We tend to arrive in Adelaide on the Saturday afternoon. It’s about a 90 minute, direct flight from Sydney. The Airlines are very good about moving bikes across this period. It does pay to get to the Airports a little earlier than you might otherwise. Oversize baggage gets a bit busy and the stress can rise. It isn’t unusual to have a few bikes miss the flight. This has only happened to me on the way back, but food for thought. It’s OK to carry CO2 cartridges. At one time you need a Dangerous Goods Clearance letter. The need for this seems to have disappeared in recent years. Pro Tip; no more than four (4) pieces, have them accessible for inspection, then toss them back into your bike bag for transport. In Adelaide there are a couple of operators that have got themselves transit buses and trailers to get you and yours from the Airport to your accommodation. Google is your friend here.
I tend to use Saturday afternoon as an opportunity to unpack and get sorted. I put the bikes back together and generally get the lay of the land. If you really need to get your TDU on, then the Teams Presentation takes place in the afternoon. The Tour Village is generally open and there are a few activities to enjoy.
If you are arriving in Adelaide in the week prior, the Women’s Tour is on. Four fabulous stages from the 10th to the 13th of January. There are three days in the Adelaide Hills followed by a City Crit on Sunday. I love the women’s racing. It seems far closer and tactical than driven by raw power as with the men. It will be a great opportunity to get out and about in the hills if you are in Adelaide during that week.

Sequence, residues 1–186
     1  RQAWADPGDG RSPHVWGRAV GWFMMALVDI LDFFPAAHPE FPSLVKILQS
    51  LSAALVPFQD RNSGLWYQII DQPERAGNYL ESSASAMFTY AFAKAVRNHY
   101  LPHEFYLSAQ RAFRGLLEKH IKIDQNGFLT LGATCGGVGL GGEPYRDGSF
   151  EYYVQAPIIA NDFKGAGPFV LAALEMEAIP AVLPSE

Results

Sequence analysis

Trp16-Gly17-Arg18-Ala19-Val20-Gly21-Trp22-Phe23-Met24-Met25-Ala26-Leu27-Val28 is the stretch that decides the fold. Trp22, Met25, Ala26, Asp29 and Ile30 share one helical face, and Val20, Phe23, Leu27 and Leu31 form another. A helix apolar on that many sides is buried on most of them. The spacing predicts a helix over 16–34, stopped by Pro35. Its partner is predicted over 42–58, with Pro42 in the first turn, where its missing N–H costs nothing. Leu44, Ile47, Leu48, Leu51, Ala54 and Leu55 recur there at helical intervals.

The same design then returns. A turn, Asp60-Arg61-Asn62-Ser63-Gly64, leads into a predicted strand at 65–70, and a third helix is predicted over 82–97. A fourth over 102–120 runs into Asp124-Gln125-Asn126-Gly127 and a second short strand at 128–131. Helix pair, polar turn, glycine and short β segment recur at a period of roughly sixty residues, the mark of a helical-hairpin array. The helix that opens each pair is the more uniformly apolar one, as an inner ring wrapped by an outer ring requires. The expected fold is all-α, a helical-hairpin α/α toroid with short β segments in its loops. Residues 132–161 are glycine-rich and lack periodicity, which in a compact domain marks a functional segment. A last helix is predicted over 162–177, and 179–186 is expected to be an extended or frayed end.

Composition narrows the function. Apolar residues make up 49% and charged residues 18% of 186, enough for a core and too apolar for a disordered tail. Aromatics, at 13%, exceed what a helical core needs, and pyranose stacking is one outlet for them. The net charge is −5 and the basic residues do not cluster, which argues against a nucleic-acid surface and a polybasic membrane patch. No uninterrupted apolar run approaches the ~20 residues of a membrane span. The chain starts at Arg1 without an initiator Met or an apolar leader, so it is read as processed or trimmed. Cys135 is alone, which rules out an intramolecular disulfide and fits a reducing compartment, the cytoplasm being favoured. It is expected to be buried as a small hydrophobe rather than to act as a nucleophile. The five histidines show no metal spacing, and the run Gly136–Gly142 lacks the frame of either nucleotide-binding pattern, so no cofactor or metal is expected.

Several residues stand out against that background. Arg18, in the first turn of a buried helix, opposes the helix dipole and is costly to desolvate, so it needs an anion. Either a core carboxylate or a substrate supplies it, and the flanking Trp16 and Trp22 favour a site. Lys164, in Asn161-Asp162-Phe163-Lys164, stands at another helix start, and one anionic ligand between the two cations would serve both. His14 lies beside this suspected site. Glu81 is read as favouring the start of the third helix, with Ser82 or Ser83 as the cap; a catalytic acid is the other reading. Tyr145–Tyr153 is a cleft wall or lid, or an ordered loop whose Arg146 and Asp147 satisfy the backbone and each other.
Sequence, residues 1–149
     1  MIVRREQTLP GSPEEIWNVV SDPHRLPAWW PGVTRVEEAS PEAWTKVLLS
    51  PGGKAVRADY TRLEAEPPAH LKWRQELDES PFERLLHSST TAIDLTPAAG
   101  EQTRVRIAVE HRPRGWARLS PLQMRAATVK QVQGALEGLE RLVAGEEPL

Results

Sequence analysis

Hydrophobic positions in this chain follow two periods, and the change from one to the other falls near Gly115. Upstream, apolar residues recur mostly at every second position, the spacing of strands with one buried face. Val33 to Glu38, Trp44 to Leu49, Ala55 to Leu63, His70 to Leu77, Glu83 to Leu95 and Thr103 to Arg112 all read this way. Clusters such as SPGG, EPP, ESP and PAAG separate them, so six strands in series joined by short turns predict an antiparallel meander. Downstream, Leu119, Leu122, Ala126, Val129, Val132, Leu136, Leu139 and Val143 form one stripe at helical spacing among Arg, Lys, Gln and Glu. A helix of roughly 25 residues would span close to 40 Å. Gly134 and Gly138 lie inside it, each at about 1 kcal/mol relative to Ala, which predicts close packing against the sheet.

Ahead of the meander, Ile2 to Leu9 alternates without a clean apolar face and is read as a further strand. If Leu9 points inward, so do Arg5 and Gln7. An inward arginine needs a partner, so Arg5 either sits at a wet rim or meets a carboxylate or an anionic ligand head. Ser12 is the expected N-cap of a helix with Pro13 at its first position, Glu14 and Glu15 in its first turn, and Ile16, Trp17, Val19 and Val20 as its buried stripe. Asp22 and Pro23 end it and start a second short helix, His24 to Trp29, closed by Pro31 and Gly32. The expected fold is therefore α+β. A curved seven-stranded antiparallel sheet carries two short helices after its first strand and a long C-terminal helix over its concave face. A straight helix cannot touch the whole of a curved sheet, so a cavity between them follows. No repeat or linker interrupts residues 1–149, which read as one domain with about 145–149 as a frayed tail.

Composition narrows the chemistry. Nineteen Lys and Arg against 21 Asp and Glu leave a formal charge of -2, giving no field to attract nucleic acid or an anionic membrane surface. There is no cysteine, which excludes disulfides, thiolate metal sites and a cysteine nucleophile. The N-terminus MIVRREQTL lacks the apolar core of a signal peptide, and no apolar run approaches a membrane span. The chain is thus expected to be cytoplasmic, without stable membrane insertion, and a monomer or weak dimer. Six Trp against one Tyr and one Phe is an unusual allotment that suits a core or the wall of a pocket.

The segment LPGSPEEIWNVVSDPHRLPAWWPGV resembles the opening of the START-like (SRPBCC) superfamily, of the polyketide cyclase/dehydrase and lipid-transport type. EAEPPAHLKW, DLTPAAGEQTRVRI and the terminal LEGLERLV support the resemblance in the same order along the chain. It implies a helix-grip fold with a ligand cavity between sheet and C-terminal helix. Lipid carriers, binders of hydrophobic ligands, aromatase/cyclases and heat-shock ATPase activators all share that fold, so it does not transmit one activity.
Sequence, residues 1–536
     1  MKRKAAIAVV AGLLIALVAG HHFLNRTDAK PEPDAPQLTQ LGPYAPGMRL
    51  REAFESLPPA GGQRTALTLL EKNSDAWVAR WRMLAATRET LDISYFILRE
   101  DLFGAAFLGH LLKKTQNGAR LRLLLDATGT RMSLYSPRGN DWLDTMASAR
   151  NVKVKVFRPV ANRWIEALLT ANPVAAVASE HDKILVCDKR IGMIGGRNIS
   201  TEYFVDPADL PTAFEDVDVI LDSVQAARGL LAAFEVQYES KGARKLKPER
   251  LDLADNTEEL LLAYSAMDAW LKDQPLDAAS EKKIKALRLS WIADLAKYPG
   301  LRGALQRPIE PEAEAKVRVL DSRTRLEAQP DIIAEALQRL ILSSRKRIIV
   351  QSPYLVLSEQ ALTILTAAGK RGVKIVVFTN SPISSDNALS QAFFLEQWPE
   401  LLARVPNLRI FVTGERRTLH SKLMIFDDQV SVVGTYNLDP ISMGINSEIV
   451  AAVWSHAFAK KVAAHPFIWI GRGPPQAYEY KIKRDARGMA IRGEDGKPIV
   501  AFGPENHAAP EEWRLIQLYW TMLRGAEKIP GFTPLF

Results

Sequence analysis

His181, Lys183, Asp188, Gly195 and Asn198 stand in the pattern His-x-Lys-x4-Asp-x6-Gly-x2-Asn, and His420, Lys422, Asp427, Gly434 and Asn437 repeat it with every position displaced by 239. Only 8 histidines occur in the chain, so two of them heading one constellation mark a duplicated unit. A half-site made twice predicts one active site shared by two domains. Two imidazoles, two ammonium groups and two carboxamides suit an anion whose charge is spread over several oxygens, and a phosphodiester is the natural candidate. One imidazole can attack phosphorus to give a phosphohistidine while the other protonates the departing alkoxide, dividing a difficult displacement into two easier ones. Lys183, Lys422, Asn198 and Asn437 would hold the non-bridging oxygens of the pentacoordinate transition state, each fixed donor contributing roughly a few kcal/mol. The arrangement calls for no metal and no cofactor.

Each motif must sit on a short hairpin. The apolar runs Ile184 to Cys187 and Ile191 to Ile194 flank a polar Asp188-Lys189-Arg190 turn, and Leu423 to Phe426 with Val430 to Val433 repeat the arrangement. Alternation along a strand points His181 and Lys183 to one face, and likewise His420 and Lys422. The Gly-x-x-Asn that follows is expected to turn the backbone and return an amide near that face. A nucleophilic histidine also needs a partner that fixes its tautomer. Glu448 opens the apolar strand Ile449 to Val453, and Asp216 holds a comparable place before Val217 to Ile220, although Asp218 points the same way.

Sunday 13th of January 2019 – People’s Choice Classic
The Women’s Tour has their final race at lunch time on this circuit. Later that day, The People’s Choice Classic rolls out at 7pm on the eastern side of the city. It’s street circuit crit, with the winner generally being presented with the Ochre Jersey. I like the east side of town. It’s leafier and quirkier. There are plenty of restaurants and cafes, as well as pubs and bars. There is a free concert and a couple of big screens to see the racing. I tend to skip this race. I try and see the replay on TV later as I am off doing family stuff.